Harvest by Richard Horan
I have a secret dream. I want to live on a farm one day. I don't think I'd be interested in much more than growing organic veggies and fruits and raising chickens. Oh, and I'd have bees. And maybe a goat or two.

I was excited to receive a review copy of Harvest: An Adventue into the Heart of America's Family Farms by Richard Horan (Harper, 2012). It's Horan's account of traveling the country and spending a few days at each of ten or so family farms during their harvest time. Horan lived with each family, and it was eye-opening to learn of the lives of these farmers. After reading through his experinces, I'm not sure I could cut it. Early mornings, long, hot days, backbreaking physical labor. But also kinship (between people and with the earth), the satisfaction of a completed harvest, and being part of the history of the land. My recommendation: Read it.

Your Midwest Garden: An Owner's Manual by Jan Riggenbach
Have you ever been excited to read a particular gardening book only to dive in and realize that the plants and climates discussed did not fit the region where you live? Not the case with this book (if you live in the Midwest, that is!). Riggenbach tackles annuals, perennials, bulbs, shrubs, vines, and more in this book, which is great for a beginner looking to establish a residential landscape. I like that Riggenbach includes information on edible varieties that do well here. My gripe about this book is that there are no plant images within the text of the chapters. And while there are some pages of color photos in the middle of the book, there are not enough, and many are low-resolution. My recommendation: Skip it.

The Edible Landscape: Creating a Beautiful and Bountiful Garden with Vegetables, Fruits, and Flowers by Emily Tepe
My first thought when receiving this book was, "Yay! Potager!," since a potager truly combines the art and function of growing vegetables, fruits, herbs, and flowers together. And while Tepe does not go into the elements that define a potager as I expected, she provides loads of inspiration for combining edibles into a traditional landscape. She explains that people are growing their food more than ever before, and often with the restrictions of limited space, sunlight, and homeowners association. Tepe offers tips for working with the conditions you have using strategies like container gardening, growing vertically, and interplanting edibles with perennials in a traditional border planting. The most useful part of the book, for me, was the appendix which lists selected plants for northern landscapes. My recommendation: Buy it.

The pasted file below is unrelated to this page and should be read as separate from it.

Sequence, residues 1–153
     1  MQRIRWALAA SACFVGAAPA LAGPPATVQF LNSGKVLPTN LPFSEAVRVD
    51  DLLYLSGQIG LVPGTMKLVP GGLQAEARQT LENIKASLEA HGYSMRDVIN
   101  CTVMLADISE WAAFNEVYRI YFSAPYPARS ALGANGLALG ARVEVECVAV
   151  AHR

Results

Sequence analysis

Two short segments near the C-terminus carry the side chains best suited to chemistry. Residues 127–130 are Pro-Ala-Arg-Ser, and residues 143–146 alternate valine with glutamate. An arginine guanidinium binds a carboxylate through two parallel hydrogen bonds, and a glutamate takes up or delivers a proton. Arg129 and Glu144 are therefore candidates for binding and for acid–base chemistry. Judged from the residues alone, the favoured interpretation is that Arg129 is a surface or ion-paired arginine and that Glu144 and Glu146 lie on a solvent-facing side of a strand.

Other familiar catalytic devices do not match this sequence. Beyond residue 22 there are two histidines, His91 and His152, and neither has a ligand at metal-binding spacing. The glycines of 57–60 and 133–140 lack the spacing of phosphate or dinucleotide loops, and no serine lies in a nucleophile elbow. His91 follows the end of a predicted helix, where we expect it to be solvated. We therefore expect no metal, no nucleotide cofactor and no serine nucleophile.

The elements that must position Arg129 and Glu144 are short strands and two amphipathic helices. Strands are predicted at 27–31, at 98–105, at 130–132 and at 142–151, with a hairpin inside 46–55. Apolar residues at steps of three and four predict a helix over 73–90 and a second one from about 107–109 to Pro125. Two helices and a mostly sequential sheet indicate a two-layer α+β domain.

Wednesday, March 13, 2013

Wordless Wednesday - Agave

Agave from my Mom's Florida garden, keeping warm inside until Spring hits Chicago.

Monday, March 11, 2013

A Case for Beets

I've never cared much for beets, unless they were served aside a fried chicken dinner at White Fence Farm. I've grown them in my garden every year because they are so easy to grow from seed, but usually ended up bringing them to the food pantry because I couldn't figure out just what to do with them.

Since I've started juicing, I'm buying lots of beets, and can't wait to direct-sow and grow them fresh. And growing them fresh, then juicing them, is a great idea because beet juice (especially organic beet juice) is not easy to locate in stores.

So, you don't like the taste of beets? I'm not a huge fan either, but when combined with other fruits and veggies in juice, to me, it tastes great. A combination I like is 1 beet, 1 apple, 1 orange, 1 carrot, a handful or two of spinach, half a cucumber, and a rib of rhubarb.

Even if you don't like it, it's one of those veggies that you should choke down anyway. It's high in folate, manganese, potssium, Vitamin C, iron, magnesium, copper, and phosphorus. A quick google search will find claims that beet juice cleans the blood, lowers blood pressure, dissolves tumors, increases the body's production of glutathione which helps eliminate environmental toxins, and lowers cholesterol.

So tell me, do you like beets? Do you grow them? Have a favorite recipe?

Friday, March 8, 2013

Invite Nature to Your Yard

Yes, there is still snow on the ground, but it's not too early to start making plans for bringing more wildlife to your garden this year.

Invite Nature to Your Yard
Sponsored by the Village of Glen Ellyn Environmental Commission
Wednesday, March 20, 2013, 7pm
Glen Ellyn Public Library, Meeting Room B

Jim Kleinwachter, Land Preservation Specialist for The Conservation Foundation, will be on hand to explain how your yard can easily be improved to help reduce water run-off, increase wildlife habitat, and improve the soil. Strategies for reducing your water use, creating a habitat for birds and butterflies, reducing chemical use, mowing less, and eradicating invasive plant species will also be discussed. Participants will also learn how to use rain barrels, rain gardens, and native plants to solve yard problems, and will receive a butterfly identification guide and native plant list. For more information, or to RSVP (required), please contact the Environmental Commission staff liaison at 630- 469-5000.

Free Property Consultation
The Village of Glen Ellyn has partnered with The Conservation Foundation to provide residents with a property assessment that will determine how well the land retains rainwater and supports our local wildlife. Based on the property assessment, property owners may already qualify for Conservation@Home certification, which recognizes landscapes that are environmentally friendly with an attractive yard sign. If a property does not immediately qualify for certification, The Conservation Foundation staff can then make recommendations on how to improve landscapes by adding native plants, planting butterfly and rain gardens, and eradicating invasive plant species.
Interested residents can sign up for the free consultation at the “Invite Nature to Your Yard” seminar.